DEAR BOB: I own a beach condo, which I rented out last summer through a rental agency. This summer I want to use it as my second home, but periodically allow family and close friends to use it at a reduced rental rate to help with expenses. Am I required to pay tax on that rental income? –Alice H.

DEAR ALICE: If you rented your beach condo for more than 14 days in 2005, you are required to report that rental income and deduct applicable expenses on Schedule E of your 2005 income tax returns. However, if the rental days were less than 14, you can keep the rent money and Uncle Sam doesn’t care.

Purchase Bob Bruss reports online.

The same rule applies in the summer of 2006 when you plan to spend more personal time enjoying your beach condo. If you rent it for more than 14 days, the rental income must be reported on Schedule E of your tax returns where you can also deduct applicable expenses, such as part of your mortgage interest, property tax, insurance, utilities, repairs, and other operating expenses.

However, if your personal use days exceed 14, or 10 percent of the rental days, then any tax loss in this tax category cannot be used to offset your other ordinary taxable income. For full details, please consult your tax adviser.


DEAR BOB: We want to buy our son a house for all cash. We suggested buying it in our names to avoid paying a gift tax so our son will receive a stepped-up basis when he inherits it (we are 78 and 80). But our daughter-in-law suggests putting the house in their names now so they can use the equity. She says we would still not have to pay a gift tax. What is the best way to handle this? –Barbara G.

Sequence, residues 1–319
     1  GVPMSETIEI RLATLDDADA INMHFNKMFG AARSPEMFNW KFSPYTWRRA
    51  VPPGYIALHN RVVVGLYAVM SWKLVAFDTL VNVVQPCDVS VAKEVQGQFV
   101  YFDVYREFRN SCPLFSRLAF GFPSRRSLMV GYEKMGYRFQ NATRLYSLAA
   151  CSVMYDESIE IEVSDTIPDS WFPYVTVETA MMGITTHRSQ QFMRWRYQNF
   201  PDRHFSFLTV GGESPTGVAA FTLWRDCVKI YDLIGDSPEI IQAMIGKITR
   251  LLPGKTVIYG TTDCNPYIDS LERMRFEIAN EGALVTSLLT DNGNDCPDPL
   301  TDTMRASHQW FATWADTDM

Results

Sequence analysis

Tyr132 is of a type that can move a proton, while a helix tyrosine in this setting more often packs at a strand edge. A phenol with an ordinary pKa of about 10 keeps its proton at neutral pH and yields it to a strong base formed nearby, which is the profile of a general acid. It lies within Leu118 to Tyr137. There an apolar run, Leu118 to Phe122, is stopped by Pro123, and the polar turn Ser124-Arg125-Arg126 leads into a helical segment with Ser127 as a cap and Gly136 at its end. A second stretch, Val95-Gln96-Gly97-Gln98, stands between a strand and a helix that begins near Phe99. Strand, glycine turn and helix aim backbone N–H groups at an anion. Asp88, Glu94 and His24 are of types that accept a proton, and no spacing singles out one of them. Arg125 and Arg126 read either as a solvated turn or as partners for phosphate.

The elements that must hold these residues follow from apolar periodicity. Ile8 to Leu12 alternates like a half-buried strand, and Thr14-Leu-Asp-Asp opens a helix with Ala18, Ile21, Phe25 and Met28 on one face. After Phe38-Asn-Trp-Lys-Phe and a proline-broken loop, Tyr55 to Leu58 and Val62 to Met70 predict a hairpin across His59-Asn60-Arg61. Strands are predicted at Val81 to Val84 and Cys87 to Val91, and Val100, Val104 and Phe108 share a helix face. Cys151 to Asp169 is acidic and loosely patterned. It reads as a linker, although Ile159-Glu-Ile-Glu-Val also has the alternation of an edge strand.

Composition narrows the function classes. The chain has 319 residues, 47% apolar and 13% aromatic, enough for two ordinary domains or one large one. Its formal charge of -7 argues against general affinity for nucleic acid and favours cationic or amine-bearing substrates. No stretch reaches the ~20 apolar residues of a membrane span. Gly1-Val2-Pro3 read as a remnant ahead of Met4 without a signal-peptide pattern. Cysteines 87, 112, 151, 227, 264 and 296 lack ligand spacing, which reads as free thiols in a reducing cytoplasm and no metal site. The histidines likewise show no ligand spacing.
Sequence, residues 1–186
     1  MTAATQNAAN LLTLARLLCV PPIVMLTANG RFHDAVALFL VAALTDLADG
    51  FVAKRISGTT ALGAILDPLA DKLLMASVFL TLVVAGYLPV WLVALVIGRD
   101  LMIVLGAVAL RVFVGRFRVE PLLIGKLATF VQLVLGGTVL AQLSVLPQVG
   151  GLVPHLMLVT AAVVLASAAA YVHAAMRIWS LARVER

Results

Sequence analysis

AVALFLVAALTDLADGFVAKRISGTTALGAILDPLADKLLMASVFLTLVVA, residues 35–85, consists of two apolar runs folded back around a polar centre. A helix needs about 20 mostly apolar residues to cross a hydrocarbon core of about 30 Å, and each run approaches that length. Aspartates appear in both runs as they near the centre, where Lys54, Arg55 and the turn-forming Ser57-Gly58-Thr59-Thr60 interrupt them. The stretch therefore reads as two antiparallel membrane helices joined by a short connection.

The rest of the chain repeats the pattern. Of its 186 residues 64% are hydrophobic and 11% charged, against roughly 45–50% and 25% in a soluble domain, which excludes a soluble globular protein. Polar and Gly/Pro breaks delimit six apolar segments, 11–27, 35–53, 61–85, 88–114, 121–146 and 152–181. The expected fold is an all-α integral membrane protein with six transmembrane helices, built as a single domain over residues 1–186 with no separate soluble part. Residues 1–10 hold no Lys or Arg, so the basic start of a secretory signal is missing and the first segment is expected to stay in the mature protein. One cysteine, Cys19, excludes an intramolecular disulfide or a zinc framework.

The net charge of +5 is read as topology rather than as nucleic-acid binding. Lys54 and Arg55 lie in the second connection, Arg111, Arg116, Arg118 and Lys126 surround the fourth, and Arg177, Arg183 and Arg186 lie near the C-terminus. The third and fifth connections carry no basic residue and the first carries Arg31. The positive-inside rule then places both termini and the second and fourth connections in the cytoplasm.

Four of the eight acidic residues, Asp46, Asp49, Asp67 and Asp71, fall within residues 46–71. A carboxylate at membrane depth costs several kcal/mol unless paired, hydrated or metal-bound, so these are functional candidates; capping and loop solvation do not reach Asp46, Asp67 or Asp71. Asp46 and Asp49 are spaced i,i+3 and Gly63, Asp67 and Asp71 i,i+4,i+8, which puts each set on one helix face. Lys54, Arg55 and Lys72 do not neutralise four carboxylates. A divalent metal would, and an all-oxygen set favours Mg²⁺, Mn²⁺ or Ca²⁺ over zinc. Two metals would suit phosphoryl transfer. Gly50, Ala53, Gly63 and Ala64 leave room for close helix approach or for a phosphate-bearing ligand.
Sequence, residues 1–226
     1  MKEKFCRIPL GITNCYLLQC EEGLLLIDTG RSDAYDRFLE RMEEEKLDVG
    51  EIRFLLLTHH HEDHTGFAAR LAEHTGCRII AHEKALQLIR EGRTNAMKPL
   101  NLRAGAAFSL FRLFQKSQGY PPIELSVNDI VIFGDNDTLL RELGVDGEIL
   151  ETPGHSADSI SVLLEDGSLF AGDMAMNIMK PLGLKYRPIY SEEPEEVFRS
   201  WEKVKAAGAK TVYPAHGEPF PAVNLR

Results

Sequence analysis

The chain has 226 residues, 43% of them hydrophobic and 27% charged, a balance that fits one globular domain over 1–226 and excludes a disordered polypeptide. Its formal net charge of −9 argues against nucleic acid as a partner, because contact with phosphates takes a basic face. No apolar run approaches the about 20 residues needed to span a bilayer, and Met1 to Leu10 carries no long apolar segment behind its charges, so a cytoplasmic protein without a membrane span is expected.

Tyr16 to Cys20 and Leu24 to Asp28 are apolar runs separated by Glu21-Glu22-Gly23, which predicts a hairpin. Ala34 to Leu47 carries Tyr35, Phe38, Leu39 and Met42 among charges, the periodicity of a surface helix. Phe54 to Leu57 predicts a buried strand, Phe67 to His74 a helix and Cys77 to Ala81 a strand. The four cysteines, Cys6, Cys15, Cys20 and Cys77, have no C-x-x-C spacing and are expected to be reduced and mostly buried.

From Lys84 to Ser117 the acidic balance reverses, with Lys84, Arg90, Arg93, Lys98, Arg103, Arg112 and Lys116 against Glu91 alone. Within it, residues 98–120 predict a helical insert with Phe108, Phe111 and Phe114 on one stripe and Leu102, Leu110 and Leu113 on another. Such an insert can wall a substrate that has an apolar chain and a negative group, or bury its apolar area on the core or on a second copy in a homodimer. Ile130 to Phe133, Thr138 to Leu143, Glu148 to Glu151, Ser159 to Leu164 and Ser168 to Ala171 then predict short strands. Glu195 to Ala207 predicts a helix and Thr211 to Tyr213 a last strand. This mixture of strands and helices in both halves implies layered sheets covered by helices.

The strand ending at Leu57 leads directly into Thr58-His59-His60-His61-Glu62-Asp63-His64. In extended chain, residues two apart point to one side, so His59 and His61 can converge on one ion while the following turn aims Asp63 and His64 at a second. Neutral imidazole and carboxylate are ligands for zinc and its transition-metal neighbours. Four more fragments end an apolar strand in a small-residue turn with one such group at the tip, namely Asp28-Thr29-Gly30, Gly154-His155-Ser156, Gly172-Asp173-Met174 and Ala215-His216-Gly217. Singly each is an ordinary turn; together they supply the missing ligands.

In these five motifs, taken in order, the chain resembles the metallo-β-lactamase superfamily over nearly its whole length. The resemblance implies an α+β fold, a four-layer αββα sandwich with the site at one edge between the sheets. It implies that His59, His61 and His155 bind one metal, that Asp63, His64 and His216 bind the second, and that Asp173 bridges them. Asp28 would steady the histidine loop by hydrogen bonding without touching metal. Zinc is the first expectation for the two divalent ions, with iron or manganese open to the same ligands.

DEAR BARBARA: From your description, it sounds like your daughter-in-law wants to grab on to your very generous gift and let you worry about paying the gift tax, if there is any.

However, if you have given away less than $1 million each, there won’t be any gift tax to pay, although you will have to fill out a gift tax return if you title the house in your son’s name.

How is their marriage? Maybe the daughter-in-law is thinking of a divorce? Just asking.

Frankly, I prefer your idea of buying a house and letting your son and daughter-in-law live in it for a few years. You can specify in your will it goes to them after you both die. Meanwhile, you keep control just in case there is a divorce lurking.


DEAR BOB: If a home seller has filed Chapter 13 bankruptcy reorganization, can the seller sell the house without court approval? –Jaime T.

DEAR JAIME: I am not a bankruptcy attorney. But my one very limited experience in this area required approval of the U.S. Bankruptcy Court judge for the sale of the debtor’s home.

I am not aware of any title insurance company that will insure such a title transfer without the Bankruptcy Court judge’s approval.

Everything worked out very well in my one experience because the home sale provided enough cash for the debtors to pay all their debts in full and they even had several thousand dollars left for a down payment to buy another house.

The new Robert Bruss special report, “Foreclosure and Distress Property Profit Secrets,” is now available for $5 from Robert Bruss, 251 Park Road, Burlingame, CA 94010 or by credit card at 1-800-736-1736 or instant Internet PDF delivery at Questions for this column are welcome at either address.

(For more information on Bob Bruss publications, visit his
Real Estate Center


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